“And Justice for All…” is the theme for the organization’s 2021 virtual convention, and this event was planned to help raise awareness of these issues among the Alpha Chi community.
Alpha Chi National College Honor Society was founded in 1922 to recognize and promote academic excellence among college and university students of all disciplines, to encourage a spirit of service and leadership, and to nurture the elements of character that make scholarship effective for good. Alpha Chi is a member in good standing with the Association of College Honor Societies.
February 4, 2021
Paul Ohodnicki receives $1 million grant to ‘innervate’ pipelines
Research led by Paul Ohodnicki, associate professor of mechanical engineering and materials science at the Swanson School of Engineering, recently received $1 million in funding to utilize Pitt-developed optical fiber sensor technology as the “nerves” of critical infrastructure, such as natural gas pipelines, to mimic the principle of a nervous system. Ohodnicki also teaches in the electrical and computer engineering department.
The research will embed optical fiber sensors internal to the pipeline to create an “innervated” pipeline system that enables monitoring the integrity of the pipes through acoustic and vibrational signatures of defects. By combining the embedded sensors with artificial intelligence and machine learning and integrating into an overarching digital twin of the pipeline system, an “intelligent” pipeline can be realized that allows for targeted in-situ repairs of defects. It utilizes an emerging robotic crawler deployable technology, known as “cold-spray,” with reduced downtime and dramatically reduced repair costs.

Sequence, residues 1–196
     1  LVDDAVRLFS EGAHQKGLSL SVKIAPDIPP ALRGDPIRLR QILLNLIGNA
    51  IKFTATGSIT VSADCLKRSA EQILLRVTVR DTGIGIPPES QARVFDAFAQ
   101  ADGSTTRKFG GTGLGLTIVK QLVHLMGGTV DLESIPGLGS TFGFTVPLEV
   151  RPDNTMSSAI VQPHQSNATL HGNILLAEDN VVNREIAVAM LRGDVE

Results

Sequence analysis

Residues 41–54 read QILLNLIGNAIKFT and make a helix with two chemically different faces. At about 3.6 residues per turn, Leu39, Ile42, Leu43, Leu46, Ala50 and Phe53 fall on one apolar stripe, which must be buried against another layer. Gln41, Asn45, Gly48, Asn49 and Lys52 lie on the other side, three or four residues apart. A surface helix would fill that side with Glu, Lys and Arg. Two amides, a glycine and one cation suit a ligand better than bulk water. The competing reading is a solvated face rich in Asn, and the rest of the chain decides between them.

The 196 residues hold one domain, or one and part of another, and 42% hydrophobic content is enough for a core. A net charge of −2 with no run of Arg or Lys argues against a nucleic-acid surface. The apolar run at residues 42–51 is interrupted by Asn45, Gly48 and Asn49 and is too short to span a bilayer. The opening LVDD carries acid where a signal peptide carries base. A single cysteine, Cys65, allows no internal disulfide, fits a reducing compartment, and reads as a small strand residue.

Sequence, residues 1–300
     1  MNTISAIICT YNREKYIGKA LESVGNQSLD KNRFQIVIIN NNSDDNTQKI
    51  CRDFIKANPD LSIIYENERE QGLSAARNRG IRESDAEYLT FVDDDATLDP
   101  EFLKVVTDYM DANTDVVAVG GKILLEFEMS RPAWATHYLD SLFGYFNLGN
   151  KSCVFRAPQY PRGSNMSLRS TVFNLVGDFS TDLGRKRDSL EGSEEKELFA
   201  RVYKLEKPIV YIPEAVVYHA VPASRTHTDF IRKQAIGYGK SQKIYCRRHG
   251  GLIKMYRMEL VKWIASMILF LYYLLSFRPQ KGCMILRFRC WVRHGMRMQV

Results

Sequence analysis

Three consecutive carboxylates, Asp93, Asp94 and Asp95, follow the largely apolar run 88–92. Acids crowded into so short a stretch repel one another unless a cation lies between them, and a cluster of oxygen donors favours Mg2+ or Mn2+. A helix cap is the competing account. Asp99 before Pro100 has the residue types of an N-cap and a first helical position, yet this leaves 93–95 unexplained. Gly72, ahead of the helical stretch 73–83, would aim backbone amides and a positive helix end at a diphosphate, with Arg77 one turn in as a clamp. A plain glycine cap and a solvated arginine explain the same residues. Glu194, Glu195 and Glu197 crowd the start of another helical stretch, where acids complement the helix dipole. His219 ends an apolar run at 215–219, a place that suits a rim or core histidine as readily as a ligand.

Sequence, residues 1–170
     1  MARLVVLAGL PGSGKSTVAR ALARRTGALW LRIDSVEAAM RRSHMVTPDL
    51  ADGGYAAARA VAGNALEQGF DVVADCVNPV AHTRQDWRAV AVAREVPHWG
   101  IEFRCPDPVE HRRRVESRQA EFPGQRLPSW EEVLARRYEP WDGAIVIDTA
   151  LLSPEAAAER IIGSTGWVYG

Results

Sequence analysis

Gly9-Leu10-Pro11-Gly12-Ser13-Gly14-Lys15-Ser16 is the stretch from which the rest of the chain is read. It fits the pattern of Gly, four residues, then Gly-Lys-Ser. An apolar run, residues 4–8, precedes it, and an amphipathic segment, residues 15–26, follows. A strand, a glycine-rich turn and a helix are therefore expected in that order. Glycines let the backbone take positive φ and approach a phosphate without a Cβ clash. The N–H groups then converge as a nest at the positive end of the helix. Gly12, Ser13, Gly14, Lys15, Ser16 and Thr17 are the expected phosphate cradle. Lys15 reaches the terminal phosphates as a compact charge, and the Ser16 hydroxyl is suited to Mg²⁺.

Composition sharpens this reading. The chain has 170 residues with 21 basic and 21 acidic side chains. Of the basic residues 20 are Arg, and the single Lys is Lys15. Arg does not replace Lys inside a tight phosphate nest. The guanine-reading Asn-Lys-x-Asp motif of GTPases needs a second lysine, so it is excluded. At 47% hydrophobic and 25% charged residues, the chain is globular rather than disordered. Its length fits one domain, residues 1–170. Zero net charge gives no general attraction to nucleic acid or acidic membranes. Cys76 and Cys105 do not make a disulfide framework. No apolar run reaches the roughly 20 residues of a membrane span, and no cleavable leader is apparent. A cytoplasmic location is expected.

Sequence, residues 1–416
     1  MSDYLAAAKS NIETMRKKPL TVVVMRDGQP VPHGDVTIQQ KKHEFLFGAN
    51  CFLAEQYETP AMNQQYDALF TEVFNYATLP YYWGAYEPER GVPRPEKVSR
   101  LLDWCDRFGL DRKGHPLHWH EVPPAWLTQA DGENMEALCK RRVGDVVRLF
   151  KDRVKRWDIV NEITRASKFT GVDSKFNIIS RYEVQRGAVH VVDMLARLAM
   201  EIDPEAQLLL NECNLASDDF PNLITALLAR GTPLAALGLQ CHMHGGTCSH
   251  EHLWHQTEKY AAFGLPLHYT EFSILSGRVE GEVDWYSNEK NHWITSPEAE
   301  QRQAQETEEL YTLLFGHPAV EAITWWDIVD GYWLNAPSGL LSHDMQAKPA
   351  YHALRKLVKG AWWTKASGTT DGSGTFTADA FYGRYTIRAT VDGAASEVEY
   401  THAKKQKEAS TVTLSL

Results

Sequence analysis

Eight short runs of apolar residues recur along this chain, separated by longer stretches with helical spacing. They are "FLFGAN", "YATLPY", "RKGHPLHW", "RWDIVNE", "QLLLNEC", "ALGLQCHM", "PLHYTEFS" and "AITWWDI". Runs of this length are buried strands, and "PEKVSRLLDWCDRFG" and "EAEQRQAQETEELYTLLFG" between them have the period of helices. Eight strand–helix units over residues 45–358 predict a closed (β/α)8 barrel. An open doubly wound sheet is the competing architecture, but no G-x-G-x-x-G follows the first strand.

The team also plans to develop an economic model for in-situ repair and sensor-embedded coating technology as well as a detailed set of modifications to the existing and standard regulatory requirements required for commercialization.
February 3, 2021
Zongqi Xia named fellow for research initiative
Zongqi Xia, assistant professor of neurology and biomedical informatics, was named a fellow for Research Corporation for Science Advancement’s (RCSA) new Scialog initiative, “Microbiome, Neurobiology and Disease.”
Scialog is short for “science + dialog.” Scialog initiatives bring together early-career scientists from a variety of disciplines to focus their collective thinking on issues of global importance, awarding funding to promising multidisciplinary research projects.
Co-sponsored by RCSA, the Paul G. Allen Frontiers Group and the Frederick Gardner Cottrell Foundation, the program begins with its inaugural virtual conference on April 22-23, 2021. Three yearly conferences are planned.
Microbiome, Neurobiology and Disease will convene chemists, physicists, biologists, microbiologists, neuroscientists and bioinformaticians to explore our understanding of the gut microbiome and its relationship to the brain in both normal and disease states.
Fellows are selected from multiple disciplines and institutions across the U.S. and Canada to maximize creative thinking and innovative ideas. At each conference, participants form multidisciplinary teams to design cutting-edge research projects, which they pitch to leading scientists who have facilitated discussions throughout the meeting.
A committee of these facilitators then recommends funding to seed the most promising team projects, based primarily on the potential for high-impact results.